Vendors at the Queen’s Farmer’s Market were notified last month that a new policy prohibits the sale of hot food. It’s a decision that has negative consequences on vendors and risks the market’s future prosperity.
In letters sent to vendors, Catering manager John McKegney stated the guiding principles of the Farmer’s Market include supporting local produce — something hot foods fail to do if they use non-local ingredients.
Paulina’s Curry Mix is one of the affected vendors at the market, and owner Vipin Kumar told the Journal his ingredients for hot dishes are purchased from local stores such as Tara Foods on Princess Street.
The ban on hot foods has been stifling to local businesses, with Paulina’s reporting a 40 per cent drop in sales since the policy was put in place. It’s counterintuitive to the market’s support of local businesses.
In a statement to the Journal yesterday, executive director of Housing and Hospitality Services, Bruce Griffiths said that a vendor’s right to sell hot food is being reassessed with new information the vendor has provided.
Other vendors selling cold foods will be reassessed once more information has been gathered as to whether or not there products are local.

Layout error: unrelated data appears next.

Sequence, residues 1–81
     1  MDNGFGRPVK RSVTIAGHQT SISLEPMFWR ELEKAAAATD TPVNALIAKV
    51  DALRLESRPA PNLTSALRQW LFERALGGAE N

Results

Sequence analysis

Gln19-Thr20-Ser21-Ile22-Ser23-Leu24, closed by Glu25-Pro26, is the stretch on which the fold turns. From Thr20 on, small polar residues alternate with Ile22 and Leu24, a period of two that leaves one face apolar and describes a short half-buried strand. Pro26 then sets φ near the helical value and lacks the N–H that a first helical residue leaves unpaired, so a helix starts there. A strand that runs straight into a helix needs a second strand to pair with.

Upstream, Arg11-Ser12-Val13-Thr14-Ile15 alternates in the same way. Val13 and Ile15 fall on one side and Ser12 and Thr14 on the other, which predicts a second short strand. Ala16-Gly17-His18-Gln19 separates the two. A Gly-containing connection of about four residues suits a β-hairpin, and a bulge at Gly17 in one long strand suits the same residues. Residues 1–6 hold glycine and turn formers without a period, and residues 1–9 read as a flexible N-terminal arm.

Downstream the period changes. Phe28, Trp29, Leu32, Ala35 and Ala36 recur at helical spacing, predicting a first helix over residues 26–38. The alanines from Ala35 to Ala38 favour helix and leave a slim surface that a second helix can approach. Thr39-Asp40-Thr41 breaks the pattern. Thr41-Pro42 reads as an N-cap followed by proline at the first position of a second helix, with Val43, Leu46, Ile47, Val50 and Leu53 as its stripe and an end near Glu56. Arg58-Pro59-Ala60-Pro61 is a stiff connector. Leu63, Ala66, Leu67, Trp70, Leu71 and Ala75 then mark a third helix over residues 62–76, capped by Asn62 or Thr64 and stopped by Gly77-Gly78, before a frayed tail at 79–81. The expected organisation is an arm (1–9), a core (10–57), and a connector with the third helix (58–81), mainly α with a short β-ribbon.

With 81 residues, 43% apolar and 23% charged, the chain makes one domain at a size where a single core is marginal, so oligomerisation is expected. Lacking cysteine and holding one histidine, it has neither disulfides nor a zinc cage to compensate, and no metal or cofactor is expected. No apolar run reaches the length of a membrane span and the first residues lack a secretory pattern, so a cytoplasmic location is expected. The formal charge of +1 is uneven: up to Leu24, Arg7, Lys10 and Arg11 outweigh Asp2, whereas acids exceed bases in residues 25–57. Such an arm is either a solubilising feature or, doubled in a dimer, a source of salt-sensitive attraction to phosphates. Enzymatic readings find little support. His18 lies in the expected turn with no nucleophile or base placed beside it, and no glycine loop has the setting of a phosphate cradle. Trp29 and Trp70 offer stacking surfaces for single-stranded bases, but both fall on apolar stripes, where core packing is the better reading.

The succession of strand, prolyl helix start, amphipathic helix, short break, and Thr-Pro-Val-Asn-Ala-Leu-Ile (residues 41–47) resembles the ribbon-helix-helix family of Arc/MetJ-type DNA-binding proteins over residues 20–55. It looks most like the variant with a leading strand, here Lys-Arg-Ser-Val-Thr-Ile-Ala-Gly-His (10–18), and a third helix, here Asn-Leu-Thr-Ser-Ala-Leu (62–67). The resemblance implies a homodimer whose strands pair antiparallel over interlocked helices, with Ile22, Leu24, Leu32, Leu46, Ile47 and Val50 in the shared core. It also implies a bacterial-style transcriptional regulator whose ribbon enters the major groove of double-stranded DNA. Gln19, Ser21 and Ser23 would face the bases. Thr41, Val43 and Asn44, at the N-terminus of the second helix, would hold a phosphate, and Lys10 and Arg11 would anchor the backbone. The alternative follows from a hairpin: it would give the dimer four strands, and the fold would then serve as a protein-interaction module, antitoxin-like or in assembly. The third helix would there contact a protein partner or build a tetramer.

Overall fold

Hot dog stand Scottie’s Street Treats has been exempt from the policy and is continuing to sell hot food. Scottie’s uses local ingredients and so has been allowed to remain in operation, according to Griffiths.
The Farmer’s Market is a cherished and valuable part of Queen’s, giving students a chance to interact socially and economically with local vendors. It gives a boost to many small businesses.
The absence of hot food further limits the number of non-Sodexo options on campus.
Reducing potential options is something that’s contrary to student appetites. If vendors prove they respect the spirit and principles of the Farmer’s Market, then they should be allowed to sell any food they choose.
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